Operating a business as a sole proprietorship- why do it?
Risk of personal assets:
I had a client who wanted to start operating under his own name immediately and did not want to wait for the incorporation process to finish. She wanted to operate her 12 employee business and begin entering contracts even though she had personal assets with value. She stated she did not need to worry because she had a One Million Dollar umbrella policy.
I advised against her operating as a sole proprietorship (also called a “dba”) for several reasons:
Any employee claim would be a claim against her, personally. Even if the employee claim was frivolous. The defense cost are staggering.
It is unlikely that an umbrella policy covering her home and cars would cover a business activity.
Further, even if the One Million Dollar policy covered the activity, often lawyers will amend their lawsuit to increase their damages over the policy limits. The purpose for this tactic is to scare the defendant into a position where the defendant does indeed have something at risk.
Operating as a dba will result in the filing a Schedule C tax return. As you know Schedule C tax returns are the most audited Returns. That is reason enough to not operate as a dba.
All of these risk are avoided if the client operates under a corporation (or LLC as the case may be).
By operating under a Corporation:
The client files a corporate tax return, the least audited Returns. Further, if the client did not have a significant history of social security earnings (many sole proprietors do not) operating under a corporation would allow her to take a salary and build her social security account. (The issue of the existence of the future of the social security fund is not the point here).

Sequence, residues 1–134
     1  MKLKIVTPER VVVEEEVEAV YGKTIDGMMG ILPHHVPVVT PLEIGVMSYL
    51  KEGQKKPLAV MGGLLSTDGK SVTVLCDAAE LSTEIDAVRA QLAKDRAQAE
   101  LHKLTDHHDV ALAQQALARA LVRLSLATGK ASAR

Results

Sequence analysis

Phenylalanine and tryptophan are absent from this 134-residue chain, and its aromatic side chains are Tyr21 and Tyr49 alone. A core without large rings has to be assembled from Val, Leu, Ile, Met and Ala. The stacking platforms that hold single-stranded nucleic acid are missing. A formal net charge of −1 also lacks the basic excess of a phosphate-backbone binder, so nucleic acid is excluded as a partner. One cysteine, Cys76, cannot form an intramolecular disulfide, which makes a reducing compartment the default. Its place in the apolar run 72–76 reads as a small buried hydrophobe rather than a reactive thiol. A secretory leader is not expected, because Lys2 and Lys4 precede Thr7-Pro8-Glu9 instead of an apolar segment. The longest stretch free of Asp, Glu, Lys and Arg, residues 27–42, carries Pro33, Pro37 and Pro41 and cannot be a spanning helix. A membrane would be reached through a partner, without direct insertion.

Further, by taking a salary the client no longer has to make estimated tax payments, which she often forgot to do.
Another benefit of operating under a corporation, the client will be eligible make greater deposits into a fully protected retirement account. I explained to her I was recently defending a client’s retirement account that a creditor was seeking collection against. IRAs and other non employer retirement accounts are not fully protected. Creditors can at times get to those accounts. Yet, a retirement account set up by an employer are 100% protected.
Even if that employer is the client’s own corporation where she is the sole owner and employee of that corporation. I advised her that there is a California law that states, for retirement purposes a small corporation is treated the same as a larger corporation employing several employees. As such her retirement accounts would be 100% protected from creditors.
The above reasons are just some of the reasons not to operate as a sole proprietorship. The yearly state fee and accounting expenses are worth the added protection. I always view the state franchise fee more as an insurance policy for the protection of assets. It is money well spent. Further, the accounting fee may not be that much more in cost, as Schedule C Returns can be quite expensive in their own right.